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AER stands for Annual Equivalent Rate. Whenever you see an advert for a savings account which shows an interest rate, you will see the AER. This means you can use the AER to compare accounts. It shows what the interest rate would be if your interest was paid and compounded once each year.
Interest is paid on an annual basis.
Also known as the base rate, this is the interest rate published by the Bank of England in connection with its open money market operations.
Individual Savings Account - accounts designed to enable an individual to save without paying income tax on their savings. For more details take a look at our guide to ISAs.
This is where interest is added to your total savings balance and your next interest payment is based on the now larger amount. So not only does your saving balance go up, it goes up increasingly quickly.
A rate of interest that is fixed for a period of time.
A period of time that money is saved for which is agreed on opening the account.
Gross rate means that no tax will be automatically deducted from interest on your behalf. Depending on your personal circumstances, you may need to pay tax on the interest you earn and it will be your responsibility to pay any tax you may owe to HM Revenue and Customs (HMRC).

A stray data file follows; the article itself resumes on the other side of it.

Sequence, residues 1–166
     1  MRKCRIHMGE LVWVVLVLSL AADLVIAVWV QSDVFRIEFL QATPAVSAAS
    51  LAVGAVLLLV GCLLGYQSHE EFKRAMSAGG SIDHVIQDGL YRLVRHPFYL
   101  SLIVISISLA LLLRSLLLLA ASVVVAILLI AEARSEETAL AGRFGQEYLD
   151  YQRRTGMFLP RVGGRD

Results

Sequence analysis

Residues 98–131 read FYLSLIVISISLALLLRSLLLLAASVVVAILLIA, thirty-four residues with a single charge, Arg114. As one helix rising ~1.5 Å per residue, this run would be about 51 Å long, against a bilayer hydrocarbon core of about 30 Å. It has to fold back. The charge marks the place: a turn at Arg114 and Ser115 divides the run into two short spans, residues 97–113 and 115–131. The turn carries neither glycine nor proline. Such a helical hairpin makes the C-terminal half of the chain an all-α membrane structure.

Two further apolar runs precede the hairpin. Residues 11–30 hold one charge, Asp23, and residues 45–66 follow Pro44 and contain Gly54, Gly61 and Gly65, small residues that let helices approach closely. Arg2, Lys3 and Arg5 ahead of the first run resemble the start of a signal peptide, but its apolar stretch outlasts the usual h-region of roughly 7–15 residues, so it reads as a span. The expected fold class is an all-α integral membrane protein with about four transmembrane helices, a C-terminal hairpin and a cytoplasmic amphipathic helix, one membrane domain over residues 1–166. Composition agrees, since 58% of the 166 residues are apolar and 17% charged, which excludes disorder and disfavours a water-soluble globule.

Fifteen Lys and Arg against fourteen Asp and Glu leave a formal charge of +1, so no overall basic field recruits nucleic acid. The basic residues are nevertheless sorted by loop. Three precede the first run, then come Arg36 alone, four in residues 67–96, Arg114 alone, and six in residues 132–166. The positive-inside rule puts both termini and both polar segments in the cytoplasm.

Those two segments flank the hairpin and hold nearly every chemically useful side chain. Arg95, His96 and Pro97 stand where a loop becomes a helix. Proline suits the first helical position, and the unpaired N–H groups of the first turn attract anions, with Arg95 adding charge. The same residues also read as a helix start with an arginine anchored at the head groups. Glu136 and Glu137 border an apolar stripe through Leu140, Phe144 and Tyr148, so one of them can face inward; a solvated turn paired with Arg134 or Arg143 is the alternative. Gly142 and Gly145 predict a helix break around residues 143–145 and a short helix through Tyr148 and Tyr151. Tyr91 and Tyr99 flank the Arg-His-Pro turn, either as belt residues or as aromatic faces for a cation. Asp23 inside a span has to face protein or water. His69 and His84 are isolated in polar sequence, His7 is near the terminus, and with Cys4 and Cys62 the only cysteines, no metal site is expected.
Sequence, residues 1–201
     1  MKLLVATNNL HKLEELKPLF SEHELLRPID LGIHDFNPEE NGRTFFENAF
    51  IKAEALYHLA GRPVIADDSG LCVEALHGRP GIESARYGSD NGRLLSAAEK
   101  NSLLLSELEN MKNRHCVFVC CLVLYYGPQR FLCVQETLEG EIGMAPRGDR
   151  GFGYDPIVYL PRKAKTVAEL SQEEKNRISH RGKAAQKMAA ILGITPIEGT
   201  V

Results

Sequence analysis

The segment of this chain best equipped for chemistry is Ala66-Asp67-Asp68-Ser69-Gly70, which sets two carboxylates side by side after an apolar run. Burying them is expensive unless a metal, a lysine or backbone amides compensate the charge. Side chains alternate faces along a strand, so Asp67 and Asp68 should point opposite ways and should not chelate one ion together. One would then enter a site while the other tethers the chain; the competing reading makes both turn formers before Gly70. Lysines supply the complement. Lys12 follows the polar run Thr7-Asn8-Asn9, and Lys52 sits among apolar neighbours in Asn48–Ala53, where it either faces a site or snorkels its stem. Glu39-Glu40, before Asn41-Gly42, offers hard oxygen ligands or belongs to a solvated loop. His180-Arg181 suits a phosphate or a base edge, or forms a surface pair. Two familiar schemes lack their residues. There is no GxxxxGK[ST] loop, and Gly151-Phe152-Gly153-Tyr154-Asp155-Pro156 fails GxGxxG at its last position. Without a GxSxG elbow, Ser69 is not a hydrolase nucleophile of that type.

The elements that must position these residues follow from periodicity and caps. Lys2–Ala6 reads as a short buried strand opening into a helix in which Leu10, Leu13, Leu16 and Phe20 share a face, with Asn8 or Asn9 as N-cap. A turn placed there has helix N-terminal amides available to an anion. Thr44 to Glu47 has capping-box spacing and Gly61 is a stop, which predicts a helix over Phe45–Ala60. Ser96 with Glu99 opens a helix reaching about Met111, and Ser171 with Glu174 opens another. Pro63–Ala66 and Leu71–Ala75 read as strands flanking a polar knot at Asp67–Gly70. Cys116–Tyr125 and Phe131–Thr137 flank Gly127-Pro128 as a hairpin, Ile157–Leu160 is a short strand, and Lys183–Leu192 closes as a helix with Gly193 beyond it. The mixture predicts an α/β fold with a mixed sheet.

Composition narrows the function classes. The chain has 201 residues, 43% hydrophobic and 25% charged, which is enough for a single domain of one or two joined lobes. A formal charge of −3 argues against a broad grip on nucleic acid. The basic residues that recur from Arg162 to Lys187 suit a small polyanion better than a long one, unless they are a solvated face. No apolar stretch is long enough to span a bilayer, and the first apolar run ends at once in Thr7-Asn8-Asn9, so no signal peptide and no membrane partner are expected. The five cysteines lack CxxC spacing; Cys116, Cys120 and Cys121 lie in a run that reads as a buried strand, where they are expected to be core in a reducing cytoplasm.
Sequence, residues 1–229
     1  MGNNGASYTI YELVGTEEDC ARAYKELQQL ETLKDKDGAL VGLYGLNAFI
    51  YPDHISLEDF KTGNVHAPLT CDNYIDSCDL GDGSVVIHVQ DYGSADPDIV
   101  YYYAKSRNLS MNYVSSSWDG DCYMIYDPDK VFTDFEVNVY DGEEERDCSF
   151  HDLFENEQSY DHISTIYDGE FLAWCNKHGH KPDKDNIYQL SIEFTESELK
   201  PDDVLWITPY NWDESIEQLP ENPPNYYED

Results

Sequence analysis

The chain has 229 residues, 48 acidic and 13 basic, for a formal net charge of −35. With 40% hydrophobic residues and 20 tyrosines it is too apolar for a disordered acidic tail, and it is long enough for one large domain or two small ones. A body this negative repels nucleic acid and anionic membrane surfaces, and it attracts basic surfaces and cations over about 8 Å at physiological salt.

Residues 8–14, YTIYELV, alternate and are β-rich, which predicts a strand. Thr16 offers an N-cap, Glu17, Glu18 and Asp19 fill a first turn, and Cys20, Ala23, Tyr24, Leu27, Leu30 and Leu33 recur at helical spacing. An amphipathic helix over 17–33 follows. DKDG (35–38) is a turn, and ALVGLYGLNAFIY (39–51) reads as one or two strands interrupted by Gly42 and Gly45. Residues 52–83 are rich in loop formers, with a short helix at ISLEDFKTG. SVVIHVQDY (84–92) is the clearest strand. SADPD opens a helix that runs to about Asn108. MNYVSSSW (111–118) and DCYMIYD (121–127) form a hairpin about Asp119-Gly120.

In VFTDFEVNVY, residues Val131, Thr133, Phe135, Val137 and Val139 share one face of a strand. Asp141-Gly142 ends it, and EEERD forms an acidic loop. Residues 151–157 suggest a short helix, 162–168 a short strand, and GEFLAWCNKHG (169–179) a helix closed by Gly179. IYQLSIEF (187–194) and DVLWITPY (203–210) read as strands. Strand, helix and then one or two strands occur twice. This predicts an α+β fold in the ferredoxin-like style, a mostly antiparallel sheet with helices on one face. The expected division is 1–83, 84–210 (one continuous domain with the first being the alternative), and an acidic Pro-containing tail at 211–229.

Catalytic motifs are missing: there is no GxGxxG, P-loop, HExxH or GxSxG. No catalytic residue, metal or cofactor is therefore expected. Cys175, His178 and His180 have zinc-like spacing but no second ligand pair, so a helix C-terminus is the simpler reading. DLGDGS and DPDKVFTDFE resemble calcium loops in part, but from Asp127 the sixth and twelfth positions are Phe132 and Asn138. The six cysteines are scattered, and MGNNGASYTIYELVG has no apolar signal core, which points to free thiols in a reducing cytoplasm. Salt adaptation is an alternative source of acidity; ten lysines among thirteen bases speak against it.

This is the percentage return that you will receive on your savings. There are gross, net & tax-free interest rates, depending on the account that you have.
Interest is paid on a monthly basis.
Per annum means every year.
Saving regularly (e.g. every month) into an account.
Tax free means you will not pay income tax on your interest.
The amount allowed to be invested in a cash ISA account which is free of income tax.
A rate of interest that may change over time.
When instructions are carried out to pay money out of your account (e.g. cash taken out of an account).